As we look ahead to a year full of hope, let’s do so in a way that brings greater unity and peace. We are all stronger together as a community and a nation, and we will soon face the task of healing and rebuilding from the tremendous losses we’ve faced in 2020.
“I wrote this piece during what may have been the darkest time of the COVID-19 pandemic,” Baumann says. “In retrospect, I believe isolation and fear gave rise to anger — a much more empowering feeling — among many in the Waunakee community. My hope was that in 2021, divisions in the community could begin to heal.”
An award-winning writer, Baumann has been the Managing Editor of the Waunakee Tribune for 26 years. She graduated from Iowa State University with a master’s degree in English. Waunakee is a village of 15,000 residents just outside Madison, WI.
The tragedy that broke the heart of a nation has led one mother from her journey of suffering for the loss of her child to what many consider unthinkable — forgiveness of the one who had taken so much from her.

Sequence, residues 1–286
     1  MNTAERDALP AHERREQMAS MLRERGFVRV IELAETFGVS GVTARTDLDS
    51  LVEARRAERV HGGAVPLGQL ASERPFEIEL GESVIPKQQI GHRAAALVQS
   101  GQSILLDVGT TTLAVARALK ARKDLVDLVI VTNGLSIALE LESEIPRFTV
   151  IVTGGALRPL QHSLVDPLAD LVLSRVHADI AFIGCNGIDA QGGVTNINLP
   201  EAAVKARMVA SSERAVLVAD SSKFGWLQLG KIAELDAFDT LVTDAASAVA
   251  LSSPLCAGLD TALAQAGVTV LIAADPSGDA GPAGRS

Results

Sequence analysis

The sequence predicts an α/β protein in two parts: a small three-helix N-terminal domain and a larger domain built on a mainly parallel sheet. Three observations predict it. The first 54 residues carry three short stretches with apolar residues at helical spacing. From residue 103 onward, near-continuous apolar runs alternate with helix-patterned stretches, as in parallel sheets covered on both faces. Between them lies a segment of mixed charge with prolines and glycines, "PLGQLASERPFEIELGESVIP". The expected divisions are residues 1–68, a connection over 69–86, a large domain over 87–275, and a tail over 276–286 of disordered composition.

Jennifer Hubbard’s 6-year-old daughter, Catherine, was one of the 20 students and 6 teachers who were shot and killed at Sandy Hook Elementary School in Newtown, Connecticut, nine years ago this month (Dec. 14, 2012). In one of the deadliest school shootings in U.S. history, the 20-year-old shooter ended his rampage by killing himself outside one of the classrooms.
The unimaginable horror of the tragedy and the raw emotion of losing her red-haired kindergartener caused virtually everything in Hubbard’s life to crumble around her.
Like parents of the other 19 students who never returned home from Sandy Hook, Hubbard found it difficult to consider recovery and healing. Still, she had to move forward to nurture Catherine’s second-grade brother, Freddy, who was also grieving, and to fulfill her pledge to make something positive out of the tragedy.
“On a purely human level, it is impossible to imagine being able to heal from the devastation of kneeling on the frozen earth beside your baby’s grave,” according to Hubbard. Relying on her Catholic faith and an outpouring of donations from supporters across the country, Hubbard slowly was able to grapple with her unthinkable pain and eventually to consider forgiveness.